American University Business Law Review, 2013, Forthcoming
16 Pages Posted: 29 Aug 2013 Last revised: 5 Mar 2014
This article describes how mergers and acquisitions ("M&A") can be taught in law school as one component of a business planning course that also addresses other stages of a business's development, such as the start-up and financing of growth stages. This approach to covering M&A is in contrast to a curricular offering that focuses solely on M&A for an entire semester. The benefits and costs of such an M&A module approach are identified, and the key pedagogical features of the M&A segment are explained. One critical factor for successful pedagogy is for the professor to collaborate with both an experienced transactional lawyer and a seasoned transactional business person. Effective partnering in this way requires the professor to articulate clearly to those cohorts the importance of transmitting practical knowledge and experience, to be sure, but doing so while being especially mindful of the teaching/learning process itself. For those lawyers and business persons who can successfully combine deep sophistication with attentiveness to the teaching function -- a challenge in one or two-day "cameo" appearances -- the pedagogical payoff is immense. This article pays special attention to the crucial role of the business "deal person" in this approach to M&A.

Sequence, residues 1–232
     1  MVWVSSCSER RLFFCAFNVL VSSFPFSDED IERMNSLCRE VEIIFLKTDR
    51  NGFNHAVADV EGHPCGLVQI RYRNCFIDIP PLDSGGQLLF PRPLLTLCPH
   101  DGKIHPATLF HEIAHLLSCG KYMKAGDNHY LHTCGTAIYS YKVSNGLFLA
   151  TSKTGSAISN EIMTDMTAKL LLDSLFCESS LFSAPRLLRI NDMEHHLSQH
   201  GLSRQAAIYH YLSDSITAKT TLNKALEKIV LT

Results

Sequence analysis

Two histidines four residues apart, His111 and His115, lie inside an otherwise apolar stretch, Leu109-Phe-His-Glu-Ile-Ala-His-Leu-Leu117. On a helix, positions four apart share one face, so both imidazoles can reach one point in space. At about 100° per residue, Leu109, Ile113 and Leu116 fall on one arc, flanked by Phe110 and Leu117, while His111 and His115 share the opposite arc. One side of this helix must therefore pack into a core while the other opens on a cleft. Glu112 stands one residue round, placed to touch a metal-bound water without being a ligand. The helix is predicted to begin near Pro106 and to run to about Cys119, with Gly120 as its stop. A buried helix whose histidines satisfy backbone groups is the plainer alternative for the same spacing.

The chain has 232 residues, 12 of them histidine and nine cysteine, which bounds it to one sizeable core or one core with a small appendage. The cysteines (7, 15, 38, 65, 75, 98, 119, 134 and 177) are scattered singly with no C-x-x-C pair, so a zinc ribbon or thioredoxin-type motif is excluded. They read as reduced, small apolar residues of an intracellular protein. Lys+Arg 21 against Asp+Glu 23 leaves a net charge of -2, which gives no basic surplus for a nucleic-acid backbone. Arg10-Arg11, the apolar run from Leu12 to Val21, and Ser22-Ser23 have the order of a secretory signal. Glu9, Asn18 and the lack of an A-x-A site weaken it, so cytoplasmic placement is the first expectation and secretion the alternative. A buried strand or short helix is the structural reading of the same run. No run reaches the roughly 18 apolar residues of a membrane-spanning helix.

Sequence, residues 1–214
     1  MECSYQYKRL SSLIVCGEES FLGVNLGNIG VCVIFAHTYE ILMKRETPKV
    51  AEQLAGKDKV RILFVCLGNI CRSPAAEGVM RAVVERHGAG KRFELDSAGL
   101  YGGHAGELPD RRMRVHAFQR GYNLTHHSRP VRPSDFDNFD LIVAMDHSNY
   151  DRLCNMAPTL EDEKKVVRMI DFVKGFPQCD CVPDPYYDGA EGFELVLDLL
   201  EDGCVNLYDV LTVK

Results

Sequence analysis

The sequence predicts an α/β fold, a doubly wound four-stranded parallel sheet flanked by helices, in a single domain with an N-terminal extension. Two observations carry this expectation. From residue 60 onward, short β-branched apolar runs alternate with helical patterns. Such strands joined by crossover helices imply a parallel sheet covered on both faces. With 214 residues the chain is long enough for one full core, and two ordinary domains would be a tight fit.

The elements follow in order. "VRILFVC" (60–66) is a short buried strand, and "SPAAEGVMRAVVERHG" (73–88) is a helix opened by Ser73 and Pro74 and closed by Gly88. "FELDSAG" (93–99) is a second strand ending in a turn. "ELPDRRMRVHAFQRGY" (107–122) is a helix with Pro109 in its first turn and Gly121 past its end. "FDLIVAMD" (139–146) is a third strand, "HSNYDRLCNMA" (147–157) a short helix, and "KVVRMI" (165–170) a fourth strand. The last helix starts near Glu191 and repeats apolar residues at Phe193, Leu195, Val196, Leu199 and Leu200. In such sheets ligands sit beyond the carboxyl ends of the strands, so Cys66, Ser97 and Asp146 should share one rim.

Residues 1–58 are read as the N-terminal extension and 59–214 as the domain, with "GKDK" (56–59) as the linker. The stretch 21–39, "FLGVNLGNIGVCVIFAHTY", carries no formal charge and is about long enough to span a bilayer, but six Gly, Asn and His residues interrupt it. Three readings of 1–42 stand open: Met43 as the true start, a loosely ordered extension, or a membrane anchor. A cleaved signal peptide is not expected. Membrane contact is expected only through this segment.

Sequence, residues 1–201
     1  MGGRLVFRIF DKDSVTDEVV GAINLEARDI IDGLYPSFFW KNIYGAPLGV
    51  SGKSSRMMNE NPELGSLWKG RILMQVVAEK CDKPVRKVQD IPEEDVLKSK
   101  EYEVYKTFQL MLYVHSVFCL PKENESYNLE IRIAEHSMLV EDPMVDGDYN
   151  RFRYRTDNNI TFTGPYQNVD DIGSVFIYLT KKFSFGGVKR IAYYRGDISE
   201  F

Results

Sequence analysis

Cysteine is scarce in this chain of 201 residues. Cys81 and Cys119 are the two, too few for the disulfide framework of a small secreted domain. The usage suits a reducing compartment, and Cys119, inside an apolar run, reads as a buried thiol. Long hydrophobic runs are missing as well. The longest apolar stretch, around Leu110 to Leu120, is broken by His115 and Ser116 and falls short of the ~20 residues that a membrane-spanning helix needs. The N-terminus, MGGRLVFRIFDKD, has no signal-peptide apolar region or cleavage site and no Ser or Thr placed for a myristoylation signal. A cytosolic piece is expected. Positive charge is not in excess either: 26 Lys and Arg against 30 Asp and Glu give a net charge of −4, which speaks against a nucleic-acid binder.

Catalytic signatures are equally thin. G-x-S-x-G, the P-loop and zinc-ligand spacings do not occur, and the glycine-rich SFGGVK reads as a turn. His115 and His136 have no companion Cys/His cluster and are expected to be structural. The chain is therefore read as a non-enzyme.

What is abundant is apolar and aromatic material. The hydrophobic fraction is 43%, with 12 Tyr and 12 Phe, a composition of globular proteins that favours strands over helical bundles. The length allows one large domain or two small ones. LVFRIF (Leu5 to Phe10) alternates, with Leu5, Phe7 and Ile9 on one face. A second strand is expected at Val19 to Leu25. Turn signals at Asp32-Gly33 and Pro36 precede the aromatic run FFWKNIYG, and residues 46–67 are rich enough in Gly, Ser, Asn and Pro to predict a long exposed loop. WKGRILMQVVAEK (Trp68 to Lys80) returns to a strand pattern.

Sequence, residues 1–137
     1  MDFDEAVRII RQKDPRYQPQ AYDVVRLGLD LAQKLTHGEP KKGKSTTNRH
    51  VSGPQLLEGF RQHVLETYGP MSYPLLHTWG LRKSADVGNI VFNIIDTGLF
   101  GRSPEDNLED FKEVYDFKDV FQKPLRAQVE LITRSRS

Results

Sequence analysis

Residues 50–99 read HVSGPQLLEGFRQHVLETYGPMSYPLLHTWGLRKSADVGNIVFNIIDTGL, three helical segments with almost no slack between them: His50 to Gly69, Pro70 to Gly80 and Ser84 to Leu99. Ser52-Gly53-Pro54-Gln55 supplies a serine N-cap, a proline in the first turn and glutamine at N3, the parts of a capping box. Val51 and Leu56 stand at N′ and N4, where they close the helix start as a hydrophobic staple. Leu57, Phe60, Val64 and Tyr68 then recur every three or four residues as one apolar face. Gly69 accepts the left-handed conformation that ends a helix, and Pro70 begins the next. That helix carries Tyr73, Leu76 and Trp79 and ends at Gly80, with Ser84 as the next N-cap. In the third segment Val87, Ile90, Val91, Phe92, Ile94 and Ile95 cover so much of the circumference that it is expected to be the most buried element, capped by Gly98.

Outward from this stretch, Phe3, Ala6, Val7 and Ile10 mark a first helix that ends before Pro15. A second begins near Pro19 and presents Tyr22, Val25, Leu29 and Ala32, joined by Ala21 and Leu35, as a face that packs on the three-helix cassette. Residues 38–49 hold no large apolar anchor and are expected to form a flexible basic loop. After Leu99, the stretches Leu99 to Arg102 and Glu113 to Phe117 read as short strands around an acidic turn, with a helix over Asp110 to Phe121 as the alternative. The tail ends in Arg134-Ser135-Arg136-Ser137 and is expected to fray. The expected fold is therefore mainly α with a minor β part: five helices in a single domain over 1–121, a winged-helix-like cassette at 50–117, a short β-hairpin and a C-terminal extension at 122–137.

Keywords: mergers, mergers and acquisitions, M&A, corporate law, legal education, transactional law, transactional legal education
Suggested Citation: Suggested Citation
Johnson, Lyman and Leuba, Sean, M&A as One Component of a Business Planning Course. American University Business Law Review, 2013, Forthcoming; U of St. Thomas (Minnesota) Legal Studies Research Paper No. 13-27; Washington & Lee Legal Studies Paper No. 2013-15. Available at SSRN: https://ssrn.com/abstract=2317593
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